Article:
focus, and only deal with, and calculate, and organize, beings, they ever find their way within beings and arc there "at home" and in their element. Within the limits of beings, of the real, of the "facts," so highly acclaimed, everything is normal and ordinary.
But where, on the contrary, Being comes into focus, there the extraordinary announces itself, the excessive that strays "beyond" the ordinary, that which is not to be explained by explanations on the basis of beings. This is the uncanny, literally understood and not in the otherwise usual sense according to which it rather means the immense and what has never yet been. For the uncanny, correctly understood, is neither immense nor tiny, since it is not to be measured at all with the measure of a so-called "standard." The uncanny is also not what has never yet been present; it is what comes into presence always already and in advance prior to all "uncanninesses." The uncanny, as the Being that shines into everything ordinary, i e., into beings, and that in its shining often grates beings like the shadow of a cloud silently passing, has nothing in common with the monstrous or the alarming The uncanny is the simple, the insignificant, ungraspable by the fangs of the will, withdrawing itself from all artifices of calculation, because it surpasses all planning.' The emergence and the concealment that dwell in all emerging beings, i.e., Being itself, must therefore be astonishing to common experience within the everyday dealing with beings, if this does manage to get Being actually in focus, though it always has some view of it. The astounding is for the Greeks the simple, the insignificant, Being itself. The astounding, visible in the astonishing, is the uncanny, and it pertains so immediately to the ordinary that it can never be explained on the basis of the ordinary.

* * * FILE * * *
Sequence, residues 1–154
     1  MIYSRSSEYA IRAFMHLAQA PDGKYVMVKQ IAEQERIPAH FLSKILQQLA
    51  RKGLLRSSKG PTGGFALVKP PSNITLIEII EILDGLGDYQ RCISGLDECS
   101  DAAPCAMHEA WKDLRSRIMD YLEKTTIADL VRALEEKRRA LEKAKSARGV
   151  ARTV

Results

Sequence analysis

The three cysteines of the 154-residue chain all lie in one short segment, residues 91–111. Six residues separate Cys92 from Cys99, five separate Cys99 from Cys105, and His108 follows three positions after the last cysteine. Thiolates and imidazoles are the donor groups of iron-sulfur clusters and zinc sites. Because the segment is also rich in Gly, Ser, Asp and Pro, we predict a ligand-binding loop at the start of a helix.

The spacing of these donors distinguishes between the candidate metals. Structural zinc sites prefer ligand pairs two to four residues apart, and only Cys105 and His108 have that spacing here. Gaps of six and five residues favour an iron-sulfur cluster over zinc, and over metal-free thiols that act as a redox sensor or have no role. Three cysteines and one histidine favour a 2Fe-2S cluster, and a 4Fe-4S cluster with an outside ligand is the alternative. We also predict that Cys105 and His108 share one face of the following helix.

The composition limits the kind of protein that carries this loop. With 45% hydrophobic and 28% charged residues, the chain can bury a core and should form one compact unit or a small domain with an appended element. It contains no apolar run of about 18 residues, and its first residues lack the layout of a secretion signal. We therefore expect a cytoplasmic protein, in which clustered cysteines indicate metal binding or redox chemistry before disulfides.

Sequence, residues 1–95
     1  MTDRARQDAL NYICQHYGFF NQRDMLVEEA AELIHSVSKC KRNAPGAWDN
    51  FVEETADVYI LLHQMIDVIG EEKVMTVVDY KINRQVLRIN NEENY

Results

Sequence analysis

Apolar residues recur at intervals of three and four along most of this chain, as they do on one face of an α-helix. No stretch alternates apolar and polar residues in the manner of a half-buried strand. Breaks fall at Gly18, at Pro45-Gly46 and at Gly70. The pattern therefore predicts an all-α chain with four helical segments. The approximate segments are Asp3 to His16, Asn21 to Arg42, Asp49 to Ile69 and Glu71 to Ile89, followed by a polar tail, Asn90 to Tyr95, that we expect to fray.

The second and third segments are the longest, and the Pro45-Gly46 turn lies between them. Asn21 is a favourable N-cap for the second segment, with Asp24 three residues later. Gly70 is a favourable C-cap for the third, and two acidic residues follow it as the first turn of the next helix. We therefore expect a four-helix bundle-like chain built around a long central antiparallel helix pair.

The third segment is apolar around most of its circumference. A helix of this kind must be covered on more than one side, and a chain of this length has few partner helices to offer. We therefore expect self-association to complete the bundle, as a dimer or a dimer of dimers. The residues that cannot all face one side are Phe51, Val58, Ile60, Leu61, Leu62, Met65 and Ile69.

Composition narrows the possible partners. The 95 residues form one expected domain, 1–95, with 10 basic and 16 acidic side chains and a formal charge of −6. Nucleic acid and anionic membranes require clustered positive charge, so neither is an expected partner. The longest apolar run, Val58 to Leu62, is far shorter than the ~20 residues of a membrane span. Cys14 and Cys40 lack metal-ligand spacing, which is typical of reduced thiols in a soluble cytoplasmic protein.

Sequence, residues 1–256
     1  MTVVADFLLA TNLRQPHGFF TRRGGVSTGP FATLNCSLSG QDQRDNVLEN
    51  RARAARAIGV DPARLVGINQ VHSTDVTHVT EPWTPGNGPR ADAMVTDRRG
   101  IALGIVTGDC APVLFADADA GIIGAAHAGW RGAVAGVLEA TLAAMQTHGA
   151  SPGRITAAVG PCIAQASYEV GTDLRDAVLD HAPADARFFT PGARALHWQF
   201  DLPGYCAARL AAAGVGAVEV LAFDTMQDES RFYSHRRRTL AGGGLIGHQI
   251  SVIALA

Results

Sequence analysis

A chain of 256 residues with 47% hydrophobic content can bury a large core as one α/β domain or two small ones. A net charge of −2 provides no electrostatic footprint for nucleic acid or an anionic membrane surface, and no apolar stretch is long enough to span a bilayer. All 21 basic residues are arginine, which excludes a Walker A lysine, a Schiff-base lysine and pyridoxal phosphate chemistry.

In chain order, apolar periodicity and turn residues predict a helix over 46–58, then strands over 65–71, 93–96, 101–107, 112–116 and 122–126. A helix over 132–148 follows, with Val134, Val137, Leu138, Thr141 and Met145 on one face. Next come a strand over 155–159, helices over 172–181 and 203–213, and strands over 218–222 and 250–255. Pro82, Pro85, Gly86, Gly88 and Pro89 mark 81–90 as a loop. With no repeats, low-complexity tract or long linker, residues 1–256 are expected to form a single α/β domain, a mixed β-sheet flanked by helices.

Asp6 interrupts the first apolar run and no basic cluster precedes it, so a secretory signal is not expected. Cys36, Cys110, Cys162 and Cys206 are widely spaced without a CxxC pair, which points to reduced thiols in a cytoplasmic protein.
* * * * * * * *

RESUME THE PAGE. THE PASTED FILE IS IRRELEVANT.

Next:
Perhaps, after this exposition, we may translate τὸ δαιμόνιον ("the demonic") by "the uncanny." We may indeed do so, provided we think the uncanny, the extraordinary, and what cannot be explained on the basis of the ordinary, as the result of the δαιμόνιον, and thus acknowledge that the δαιμόνιον is not the demonic because it is the uncanny, but that it is the uncanny precisely because it possesses the essence of the δαιμόνιον. The δαιμόνιον is not identical in essence with the uncanny in the sense just delimited. and moreover the uncanny is not the ground of essence of the δαιμόνιον. What then is the δαιμόνιον itself?
We may call the δαιμόνιον the uncanny, or the extraordinary, because it surrounds, and insofar as it everywhere surrounds, the present ordinary state of things and presents itself in everything ordinary, though without being the ordinary. The uncanny understood in this way is, with regard to what is ordinary or natural not the exception but the
1 Cf Grundbegriffe. Gesamtausgabe Bd. 51